Two Techniques for a Winning Elevator Pitch
Imagine this scenario: You’re attending a networking event hoping to meet a new prospect or two. Perhaps it’s a marketing conference in your town.
You’re walking around the event and then you strike up a conversation with the person next to you.
At some point early in your conversation, the person says, “So, what do you do?” You’re likely to say, “I’m a copywriter.” That’s okay, it’s certainly clear what you do.
But in my opinion, you’re leaving a lot of opportunity on the table.
For example, what if there are other copywriters at that event? Then you’re just one more copywriter in the group. That person is going to walk away not knowing what it is about you that’s special.
Is that person going to remember you as an expert in anything in particular? Because keep in mind that copywriting is a field, it’s not a specialty.
Now, if it’s a small group or event and you’re the only copywriter in the room, yes, perhaps you’ll stand out, but in larger networking situations where there may be other competitors, you’re probably not going to stand out simply by saying, “I’m a copywriter.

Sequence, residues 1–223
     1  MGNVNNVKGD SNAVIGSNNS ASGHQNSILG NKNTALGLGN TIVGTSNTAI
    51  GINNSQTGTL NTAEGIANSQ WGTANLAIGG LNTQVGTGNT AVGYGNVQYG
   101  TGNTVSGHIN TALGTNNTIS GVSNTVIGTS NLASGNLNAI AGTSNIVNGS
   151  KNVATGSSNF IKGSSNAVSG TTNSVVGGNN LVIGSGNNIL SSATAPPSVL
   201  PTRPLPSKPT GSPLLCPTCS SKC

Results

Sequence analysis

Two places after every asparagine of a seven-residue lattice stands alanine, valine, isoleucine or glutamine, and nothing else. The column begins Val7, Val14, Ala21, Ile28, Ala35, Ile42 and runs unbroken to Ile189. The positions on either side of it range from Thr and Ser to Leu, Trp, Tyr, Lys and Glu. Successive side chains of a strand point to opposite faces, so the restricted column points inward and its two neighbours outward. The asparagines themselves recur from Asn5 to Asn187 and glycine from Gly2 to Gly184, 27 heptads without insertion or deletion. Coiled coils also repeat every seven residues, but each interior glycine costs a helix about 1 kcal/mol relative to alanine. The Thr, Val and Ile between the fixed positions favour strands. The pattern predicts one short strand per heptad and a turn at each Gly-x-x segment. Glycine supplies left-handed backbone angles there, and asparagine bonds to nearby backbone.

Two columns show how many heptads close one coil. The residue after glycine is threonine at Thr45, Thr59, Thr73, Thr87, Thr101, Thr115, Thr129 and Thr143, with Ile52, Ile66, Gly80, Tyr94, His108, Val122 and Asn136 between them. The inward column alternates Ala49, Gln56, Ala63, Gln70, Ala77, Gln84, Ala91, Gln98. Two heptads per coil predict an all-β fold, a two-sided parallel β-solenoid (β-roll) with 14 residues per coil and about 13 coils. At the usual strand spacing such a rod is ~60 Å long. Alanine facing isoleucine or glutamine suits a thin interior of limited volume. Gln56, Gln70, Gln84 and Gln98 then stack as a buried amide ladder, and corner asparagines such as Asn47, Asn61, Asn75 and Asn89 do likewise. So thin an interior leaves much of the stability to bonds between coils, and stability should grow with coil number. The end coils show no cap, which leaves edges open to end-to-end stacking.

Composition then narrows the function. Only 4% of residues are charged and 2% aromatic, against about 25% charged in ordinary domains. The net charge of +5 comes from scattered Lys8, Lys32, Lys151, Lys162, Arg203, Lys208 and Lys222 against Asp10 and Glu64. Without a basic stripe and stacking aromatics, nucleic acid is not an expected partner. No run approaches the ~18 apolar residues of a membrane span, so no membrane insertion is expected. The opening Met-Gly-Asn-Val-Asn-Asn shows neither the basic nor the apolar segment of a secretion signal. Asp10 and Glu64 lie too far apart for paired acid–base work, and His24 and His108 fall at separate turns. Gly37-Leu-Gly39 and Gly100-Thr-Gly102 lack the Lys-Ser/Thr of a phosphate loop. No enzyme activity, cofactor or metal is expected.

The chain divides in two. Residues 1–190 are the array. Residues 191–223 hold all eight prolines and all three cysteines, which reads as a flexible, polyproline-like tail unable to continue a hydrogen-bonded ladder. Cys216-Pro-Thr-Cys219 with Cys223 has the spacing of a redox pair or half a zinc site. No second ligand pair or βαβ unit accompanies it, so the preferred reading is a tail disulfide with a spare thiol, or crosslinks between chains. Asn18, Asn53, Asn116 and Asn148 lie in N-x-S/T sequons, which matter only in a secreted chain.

What you need is a better reply when someone asks you what you do.
We often call this your ‘Elevator Pitch’ — an explanation short enough to be given to someone you’re talking to on a brief ride in an elevator.
You want to respond in a way that makes it very clear what you do yet will make you stand out as unique and memorable.
That’s the whole point of networking to begin with.
So, how do you create an effective elevator pitch? Now, I know there’s a lot of information on the Internet and elsewhere on how to write an elevator pitch and, frankly, a lot of those tips and ideas, I think, get it wrong.
I think they teach techniques that look good on paper, but when you’re in the real world of networking and you’re meeting people and talking to them, saying those things becomes very difficult and awkward.
For example, I read one tip that said that you should pack your elevator pitch full of benefits. So you would say something like this:
What do I do? I leverage my background in writing industrial equipment to help manufacturers significantly boost the results of their websites, emails, and other marketing communications by up to 53% while at the same time honing their message so it resonates with their target audience, telling their story and building their brand with great messaging and copying, blah, blah, blah, blah.